His intervention comes after the Conservatives slumped to an embarrassing
third place in the Eastleigh by-election, behind Ukip, leading to demands
for David Cameron to develop a more “Tory” agenda, with issues such as
security and immigration at the fore.

Speaking on a visit to an Arctic training camp for the Royal Marines before
the by-election result, the Defence Secretary disclosed that he would
strongly resist future cuts to the military, beyond moderate “efficiency
savings”.

“I shall go into the spending review fighting the case for the defence budget
on the basis that we have made very large cuts to defence, we’ve done that
with the collaboration and cooperation of the military,” he said.

“Any further reduction in the defence budget would fall on the level of
activity that we were able to carry out — the idea that expensively bought
equipment may not be able to be used, expensively employed troops may not be
able to be exercised and trained as regularly as they need to be.”

He added: “I am not going into the spending review offering any further
reductions in personnel. In my judgment, and I think the Chancellor and the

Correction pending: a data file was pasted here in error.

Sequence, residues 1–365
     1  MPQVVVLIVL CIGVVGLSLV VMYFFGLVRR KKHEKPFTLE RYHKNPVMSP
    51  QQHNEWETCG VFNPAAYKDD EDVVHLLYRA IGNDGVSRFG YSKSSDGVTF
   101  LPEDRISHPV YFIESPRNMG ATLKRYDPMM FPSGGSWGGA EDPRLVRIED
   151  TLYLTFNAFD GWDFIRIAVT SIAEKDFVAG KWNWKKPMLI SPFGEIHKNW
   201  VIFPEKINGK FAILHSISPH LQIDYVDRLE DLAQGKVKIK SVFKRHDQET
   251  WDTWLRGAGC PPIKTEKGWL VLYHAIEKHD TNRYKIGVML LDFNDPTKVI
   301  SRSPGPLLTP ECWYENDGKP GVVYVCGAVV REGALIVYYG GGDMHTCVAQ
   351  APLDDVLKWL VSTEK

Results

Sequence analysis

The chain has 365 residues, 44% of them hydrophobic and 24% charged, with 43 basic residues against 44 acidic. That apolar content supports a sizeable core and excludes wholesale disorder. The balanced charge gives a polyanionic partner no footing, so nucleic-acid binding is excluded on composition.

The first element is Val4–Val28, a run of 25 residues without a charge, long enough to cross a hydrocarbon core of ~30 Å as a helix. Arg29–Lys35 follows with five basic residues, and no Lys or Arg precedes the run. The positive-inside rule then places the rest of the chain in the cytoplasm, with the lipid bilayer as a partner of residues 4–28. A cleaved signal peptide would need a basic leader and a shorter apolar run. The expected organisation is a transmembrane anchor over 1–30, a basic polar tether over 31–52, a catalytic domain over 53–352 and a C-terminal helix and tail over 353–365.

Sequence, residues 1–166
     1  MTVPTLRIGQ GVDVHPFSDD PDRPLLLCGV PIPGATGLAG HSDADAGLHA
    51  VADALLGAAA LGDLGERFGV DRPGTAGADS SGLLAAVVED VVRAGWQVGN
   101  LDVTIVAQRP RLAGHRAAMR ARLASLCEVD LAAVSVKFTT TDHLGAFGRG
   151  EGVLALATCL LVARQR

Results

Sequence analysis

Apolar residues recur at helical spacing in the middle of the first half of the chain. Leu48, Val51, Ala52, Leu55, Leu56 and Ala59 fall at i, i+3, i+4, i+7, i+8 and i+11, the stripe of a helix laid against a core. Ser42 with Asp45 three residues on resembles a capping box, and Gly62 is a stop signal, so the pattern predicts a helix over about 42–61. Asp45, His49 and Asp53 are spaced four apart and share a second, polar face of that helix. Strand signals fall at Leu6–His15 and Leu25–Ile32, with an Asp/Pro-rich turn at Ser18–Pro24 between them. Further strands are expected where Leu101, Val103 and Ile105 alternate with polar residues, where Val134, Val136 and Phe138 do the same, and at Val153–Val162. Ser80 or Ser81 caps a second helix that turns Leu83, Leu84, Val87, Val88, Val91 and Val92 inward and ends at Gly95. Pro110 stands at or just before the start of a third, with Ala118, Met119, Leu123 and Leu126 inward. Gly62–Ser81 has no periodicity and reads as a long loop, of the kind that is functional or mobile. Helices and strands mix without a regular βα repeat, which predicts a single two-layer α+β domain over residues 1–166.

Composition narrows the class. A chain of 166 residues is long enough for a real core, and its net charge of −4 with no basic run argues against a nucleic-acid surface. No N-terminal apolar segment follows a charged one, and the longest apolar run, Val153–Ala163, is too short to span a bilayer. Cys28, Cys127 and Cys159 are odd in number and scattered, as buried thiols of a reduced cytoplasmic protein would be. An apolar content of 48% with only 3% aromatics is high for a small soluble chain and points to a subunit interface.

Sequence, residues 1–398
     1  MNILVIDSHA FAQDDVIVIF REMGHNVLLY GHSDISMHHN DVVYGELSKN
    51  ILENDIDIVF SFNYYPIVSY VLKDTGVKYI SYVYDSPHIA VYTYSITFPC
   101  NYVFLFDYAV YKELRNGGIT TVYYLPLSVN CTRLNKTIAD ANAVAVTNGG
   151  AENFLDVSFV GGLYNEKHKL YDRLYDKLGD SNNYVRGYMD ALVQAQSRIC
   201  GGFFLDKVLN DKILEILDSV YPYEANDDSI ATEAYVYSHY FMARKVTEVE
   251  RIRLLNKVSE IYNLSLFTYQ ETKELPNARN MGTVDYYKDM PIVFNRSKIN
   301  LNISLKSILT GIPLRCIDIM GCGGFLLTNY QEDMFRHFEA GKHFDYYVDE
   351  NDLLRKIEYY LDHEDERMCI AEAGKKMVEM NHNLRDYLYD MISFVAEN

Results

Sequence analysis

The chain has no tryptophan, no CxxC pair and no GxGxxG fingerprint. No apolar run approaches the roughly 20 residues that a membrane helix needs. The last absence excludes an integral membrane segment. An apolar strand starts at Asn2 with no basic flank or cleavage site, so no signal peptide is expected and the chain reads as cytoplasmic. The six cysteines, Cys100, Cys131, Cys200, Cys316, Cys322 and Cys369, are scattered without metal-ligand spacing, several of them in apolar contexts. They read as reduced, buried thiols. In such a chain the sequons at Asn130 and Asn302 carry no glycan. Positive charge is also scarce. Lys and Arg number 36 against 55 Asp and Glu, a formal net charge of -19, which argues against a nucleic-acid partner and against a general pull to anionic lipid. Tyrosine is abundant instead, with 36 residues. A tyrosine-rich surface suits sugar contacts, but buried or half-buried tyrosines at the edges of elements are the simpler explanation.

Prime Minister would both agree with this, the Armed Forces are at the
smallest level that is appropriate for the kind of defence posture that we
have set out in the SDSR [2010’s Strategic Defence and Security Review]. It
isn’t clear to me that we could go any smaller while retaining the range of
capabilities and commitments that the SDSR requires of us.”

The Chancellor and Danny Alexander, the Chief Secretary to the Treasury, are
drawing up plans for the next spending review, covering the year 2015-16.

While budgets for health, education and international development will be
protected, the Ministry of Defence could be expected to reduce costs by at
least another £500 million. The MoD is still midway through the current
round of spending cuts, despite having already made thousands of troops
redundant. Some 30,000 will be cut from the number of serving personnel,
many thousands of whom will go in the next two years.

Last month, Mr Cameron caused confusion by indicating that he would increase
overall defence spending from 2015, only for aides to say later that this
would only apply after 2016.

Today, Mr Hammond criticises Nick Clegg for not placing any Liberal Democrats
in the MoD. A Conservative source added: “There’s a real concern that the
Lib Dems want to protect the benefits culture at the expense of our troops.”

Hammond: cut welfare not troops – Telegraph.co.uk
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